Given how difficult the struggling stock market has made it for investors to make money managing their own investments, you can't blame anyone for giving up and looking for simple, automatic solutions to their savings needs. Yet, such investments have disappointed a number of investors who didn't understand the ins and outs of how they really work.

Saving for retirement the easy way
For instance, one increasingly popular vehicle for those saving for retirement is the target date mutual fund. Typically marketed as one-stop shopping options for long-term investors, target funds use a specific asset allocation strategy to put together a portfolio of stocks, bonds, and other types of investments that fund managers deem suitable for investors with a particular time horizon.

Each fund has a particular time frame assigned to it, corresponding to the date on which you plan to retire. So, a fund designed for those retiring in 2045 will have a more aggressive allocation to stocks than the same fund family's 2015 fund. It may also have a larger allocation to more volatile small-cap stocks like Manitowoc (NYSE:MTW) as well as international stocks and other subasset classes. Then, as time passes and a particular fund gets closer to its target date, the fund managers shift investments around to reduce overall risk.

To many, target funds sound like the ideal investment: You just invest money and let the fund manager do all the work. Yet many investors find that by turning over control of their money to a target fund without understanding exactly how fund managers are investing it, they are taking on more risk than they ever imagined.

The downside of target funds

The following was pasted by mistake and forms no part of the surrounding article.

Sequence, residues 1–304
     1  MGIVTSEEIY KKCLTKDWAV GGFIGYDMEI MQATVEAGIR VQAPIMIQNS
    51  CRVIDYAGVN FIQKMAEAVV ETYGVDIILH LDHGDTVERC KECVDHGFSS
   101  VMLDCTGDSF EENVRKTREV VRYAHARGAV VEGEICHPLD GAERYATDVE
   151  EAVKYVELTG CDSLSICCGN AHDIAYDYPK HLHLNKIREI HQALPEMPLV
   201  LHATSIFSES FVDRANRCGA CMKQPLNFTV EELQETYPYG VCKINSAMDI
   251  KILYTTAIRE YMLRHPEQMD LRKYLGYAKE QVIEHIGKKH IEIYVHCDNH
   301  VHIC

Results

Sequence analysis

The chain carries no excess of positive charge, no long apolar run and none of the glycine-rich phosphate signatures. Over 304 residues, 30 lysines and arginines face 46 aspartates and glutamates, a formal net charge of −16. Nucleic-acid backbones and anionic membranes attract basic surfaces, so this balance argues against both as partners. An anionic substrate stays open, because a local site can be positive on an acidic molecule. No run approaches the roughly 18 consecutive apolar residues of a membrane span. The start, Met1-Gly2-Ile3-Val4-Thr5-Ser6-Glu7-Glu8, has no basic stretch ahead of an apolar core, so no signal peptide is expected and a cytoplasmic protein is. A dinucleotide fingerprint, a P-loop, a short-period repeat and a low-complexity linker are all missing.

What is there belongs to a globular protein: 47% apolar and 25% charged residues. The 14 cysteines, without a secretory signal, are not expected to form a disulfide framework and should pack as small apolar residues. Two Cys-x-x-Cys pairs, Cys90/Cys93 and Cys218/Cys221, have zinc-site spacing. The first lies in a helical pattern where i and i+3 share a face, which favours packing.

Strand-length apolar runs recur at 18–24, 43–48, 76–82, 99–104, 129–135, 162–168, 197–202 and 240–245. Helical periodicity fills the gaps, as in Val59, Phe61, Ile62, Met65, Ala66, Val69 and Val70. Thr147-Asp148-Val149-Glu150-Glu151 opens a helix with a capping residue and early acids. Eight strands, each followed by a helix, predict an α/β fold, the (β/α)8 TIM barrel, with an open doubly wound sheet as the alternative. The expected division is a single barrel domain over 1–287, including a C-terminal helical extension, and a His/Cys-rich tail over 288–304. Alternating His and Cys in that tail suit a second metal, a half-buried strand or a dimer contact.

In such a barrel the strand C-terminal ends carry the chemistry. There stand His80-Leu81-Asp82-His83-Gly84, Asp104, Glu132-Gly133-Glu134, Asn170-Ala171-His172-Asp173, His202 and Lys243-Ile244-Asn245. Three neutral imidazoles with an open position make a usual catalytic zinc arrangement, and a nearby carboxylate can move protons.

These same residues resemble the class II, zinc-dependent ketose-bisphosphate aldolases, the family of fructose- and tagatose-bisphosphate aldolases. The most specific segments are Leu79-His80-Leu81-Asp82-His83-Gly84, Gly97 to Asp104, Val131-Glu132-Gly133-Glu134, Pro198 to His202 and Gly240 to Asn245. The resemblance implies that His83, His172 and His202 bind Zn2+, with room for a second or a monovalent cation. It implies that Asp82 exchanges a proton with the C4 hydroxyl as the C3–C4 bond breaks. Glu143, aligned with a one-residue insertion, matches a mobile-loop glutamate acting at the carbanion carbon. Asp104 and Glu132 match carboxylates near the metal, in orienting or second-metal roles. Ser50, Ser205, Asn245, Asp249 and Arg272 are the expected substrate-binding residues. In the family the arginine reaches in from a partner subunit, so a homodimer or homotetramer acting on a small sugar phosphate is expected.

Specifically, target funds gave many investors a nasty surprise last year. Funds with target dates far in the future took some of the biggest hits, as they were most aggressively invested.

Yet the bigger surprise came from funds with target dates in the near future. Vanguard's 2010 target fund (VTENX), for example, lost nearly 21% during 2008. Many funds did even worse.

What happened? A number of factors combined to create big losses:

  • Target funds took more risk than many would have thought. For instance, with just a year to go before the fund hits its target date, the Vanguard fund still has a 52% allocation to stocks, versus just 47% to bonds.
  • Many target funds own shares of other mutual funds from the same fund family, so they're largely dependent on their performance. For instance, Vanguard's target funds hold mostly Vanguard index funds, so when major index components like Bank of America (NYSE:BAC), JPMorgan Chase (NYSE:JPM), and General Electric (NYSE:GE) fell sharply, shareholders suffered.
  • Similarly, with a fund family like Fidelity that favors actively managed funds, you'll often find a lot of overlap among holdings. For instance, with Fidelity Freedom 2010 (FFFCX) -- which lost 25% last year -- you'll find many different active funds. But those funds own a lot of the same stocks; drilling down, you'll find names like Wal-Mart (NYSE:WMT), ExxonMobil (NYSE:XOM), and Apple (NASDAQ:AAPL) come up again and again.

To be fair to the fund companies, they didn't hide any of this information. Anyone who thoroughly researched the funds could find out the asset allocations they used, and that there'd be overlap among some fund holdings. But if you merely bought the fund that matched up to your retirement date and looked no further, you might have been shocked at the result.

Do it yourself
What you have to learn from this is not to take anything for granted. You may find that the appropriate fund for your mix of risk tolerance and financial resources is one whose target date doesn't match up with your time horizon. And if you can't find a fund that puts together the right mix, it's easy to use a combination of mutual funds and ETFs to create your own. It just takes a little more work.

As tempting as it may be, don't just pass off responsibility for your investments to someone else. Sometimes you'll get just the results you want, but more often, what you buy won't live up to your expectations.

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Fool contributor Dan Caplinger does his own asset allocations. He owns shares of General Electric. Apple is a Motley Fool Stock Advisor pick. Wal-Mart is a Motley Fool Inside Value selection. Try any of our Foolish newsletters today, free for 30 days. You can rely on the Fool's disclosure policy.